Friday linkaround: New fracking rules, wind tourism and chicken vests!
Look out - here comes another weekend!
Before you kick off your shoes, here's a look at some of the stories that caught our eye this week.
The biggest environmental news out of Lansing this week was the Department of Environmental Quality's unveiling Tuesday of new draft rules for large-scale hydraulic fracturing operations. James Clift, MEC's policy director, told MLive the proposal is a step in the right direction but there should be more transparency about the chemicals used in fracking. The Battle Creek Enquirer's editorial board agreed, writing that there's "no legitimate argument for blocking full disclosure of those chemicals." Environmental groups are also reviewing the state's oversight of driller's water withdrawal authorizations and whether rivers and streams are receiving adequate protection.
Also on Tuesday, the state released a draft report on energy efficiency, the last in a series of reports on energy issues requested last year by Gov. Snyder. Utilities so far have exceeded their energy-saving targets and are expected to meet near-term goals, the report says. Michigan ratepayers in 2012 saved $3.83 in energy costs for every dollar invested in efficiency. All told, the state's efficiency program has saved $1.2 billion, Crain's Detroit Business points out.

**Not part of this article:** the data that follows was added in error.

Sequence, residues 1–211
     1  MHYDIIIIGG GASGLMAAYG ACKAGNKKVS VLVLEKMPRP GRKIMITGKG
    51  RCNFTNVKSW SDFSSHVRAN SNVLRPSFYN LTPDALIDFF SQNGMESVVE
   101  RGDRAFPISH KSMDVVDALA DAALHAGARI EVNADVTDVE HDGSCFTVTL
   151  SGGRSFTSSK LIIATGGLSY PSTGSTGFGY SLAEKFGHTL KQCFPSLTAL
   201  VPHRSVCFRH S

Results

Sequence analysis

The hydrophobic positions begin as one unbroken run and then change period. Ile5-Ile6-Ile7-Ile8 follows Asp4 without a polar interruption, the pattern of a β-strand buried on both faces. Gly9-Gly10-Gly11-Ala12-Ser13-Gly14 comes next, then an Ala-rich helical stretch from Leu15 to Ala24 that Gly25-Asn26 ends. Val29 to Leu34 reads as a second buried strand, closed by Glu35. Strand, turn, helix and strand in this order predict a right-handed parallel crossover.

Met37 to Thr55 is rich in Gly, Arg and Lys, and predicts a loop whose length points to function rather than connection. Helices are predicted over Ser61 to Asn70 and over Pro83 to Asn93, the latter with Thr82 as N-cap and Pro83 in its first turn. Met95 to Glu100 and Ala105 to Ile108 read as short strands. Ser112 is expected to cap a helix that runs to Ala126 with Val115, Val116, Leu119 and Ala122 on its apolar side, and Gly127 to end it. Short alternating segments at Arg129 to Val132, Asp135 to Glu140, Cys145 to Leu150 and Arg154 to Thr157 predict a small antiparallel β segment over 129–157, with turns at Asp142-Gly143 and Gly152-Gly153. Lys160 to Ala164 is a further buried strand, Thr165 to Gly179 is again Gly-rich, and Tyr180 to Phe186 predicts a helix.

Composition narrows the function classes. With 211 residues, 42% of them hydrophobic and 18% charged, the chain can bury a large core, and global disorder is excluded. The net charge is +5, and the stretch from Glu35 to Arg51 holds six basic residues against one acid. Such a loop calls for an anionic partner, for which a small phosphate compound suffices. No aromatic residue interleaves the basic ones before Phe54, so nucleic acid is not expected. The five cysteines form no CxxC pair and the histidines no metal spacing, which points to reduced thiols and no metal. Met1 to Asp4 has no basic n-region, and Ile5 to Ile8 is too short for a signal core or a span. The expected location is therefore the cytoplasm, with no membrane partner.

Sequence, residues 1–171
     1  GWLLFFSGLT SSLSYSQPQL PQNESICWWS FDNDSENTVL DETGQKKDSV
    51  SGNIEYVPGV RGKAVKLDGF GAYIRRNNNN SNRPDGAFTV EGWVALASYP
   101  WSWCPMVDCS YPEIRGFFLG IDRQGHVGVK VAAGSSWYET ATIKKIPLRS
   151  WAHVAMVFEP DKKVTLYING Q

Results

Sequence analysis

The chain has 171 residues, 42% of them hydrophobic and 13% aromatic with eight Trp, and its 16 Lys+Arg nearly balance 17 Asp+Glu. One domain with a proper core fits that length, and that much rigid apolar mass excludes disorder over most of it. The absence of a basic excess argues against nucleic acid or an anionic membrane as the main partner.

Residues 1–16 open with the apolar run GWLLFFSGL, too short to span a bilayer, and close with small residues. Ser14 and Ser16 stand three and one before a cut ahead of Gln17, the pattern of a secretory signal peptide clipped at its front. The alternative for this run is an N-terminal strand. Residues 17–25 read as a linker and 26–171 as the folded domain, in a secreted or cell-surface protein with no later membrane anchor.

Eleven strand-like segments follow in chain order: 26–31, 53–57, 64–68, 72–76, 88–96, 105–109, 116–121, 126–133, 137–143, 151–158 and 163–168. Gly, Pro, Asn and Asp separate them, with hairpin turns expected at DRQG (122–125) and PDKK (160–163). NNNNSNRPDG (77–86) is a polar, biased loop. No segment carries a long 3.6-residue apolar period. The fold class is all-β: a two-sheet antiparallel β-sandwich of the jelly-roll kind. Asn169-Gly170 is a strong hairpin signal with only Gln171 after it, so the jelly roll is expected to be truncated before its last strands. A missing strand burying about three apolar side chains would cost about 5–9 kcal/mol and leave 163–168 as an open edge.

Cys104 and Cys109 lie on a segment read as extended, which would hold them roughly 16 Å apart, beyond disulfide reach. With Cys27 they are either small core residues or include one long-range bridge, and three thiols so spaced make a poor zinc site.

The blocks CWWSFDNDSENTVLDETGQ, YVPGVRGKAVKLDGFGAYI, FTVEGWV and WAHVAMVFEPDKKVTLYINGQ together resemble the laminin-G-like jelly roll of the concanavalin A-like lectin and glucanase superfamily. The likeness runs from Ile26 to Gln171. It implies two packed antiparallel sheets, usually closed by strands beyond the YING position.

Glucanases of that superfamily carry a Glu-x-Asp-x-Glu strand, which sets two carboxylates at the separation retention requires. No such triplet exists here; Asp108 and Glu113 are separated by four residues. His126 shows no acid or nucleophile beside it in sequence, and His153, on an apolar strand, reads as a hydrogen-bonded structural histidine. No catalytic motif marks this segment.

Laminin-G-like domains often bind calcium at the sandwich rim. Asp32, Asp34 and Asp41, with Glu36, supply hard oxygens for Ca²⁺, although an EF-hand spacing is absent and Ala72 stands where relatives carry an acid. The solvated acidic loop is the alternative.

In other energy news, the reliably excellent Kari Lydersen takes a close look at the Enbridge pipelines that carry crude oil and natural gas under the Straits of Mackinac. In 2012 Enbridge increased the amount of oil moving through the pipelines. That's cause for concern, given the incredible resources at stake and how rickety and unsupported the pipelines look in a recently released video.
West of the Straits, Lake Michigan charter boat captains are concerned about conditions that are eerily similar to observations from Lake Huron in 2003, the year before that lake's salmon fishery collapsed.
Back on dry land, entrepreneurs are carving out a niche industry around some of Michigan's newest tourist attractions: wind turbines. Meanwhile in the Thumb, construction begins on a 62-turbine wind farm, and 13 new turbines will go online by the end of November.
Finally, for our chicken-keeping friends, this fluorescent bird vest will help your egg-laying pals cross the road safely, whatever their reason.
(It's a big Internet out there. What did we miss? Feel free to share your favorite stories of the week in the comments section.)
Chicken photo credit: Omlet
Wind turbine photo credit: Zeusandhera via Flickr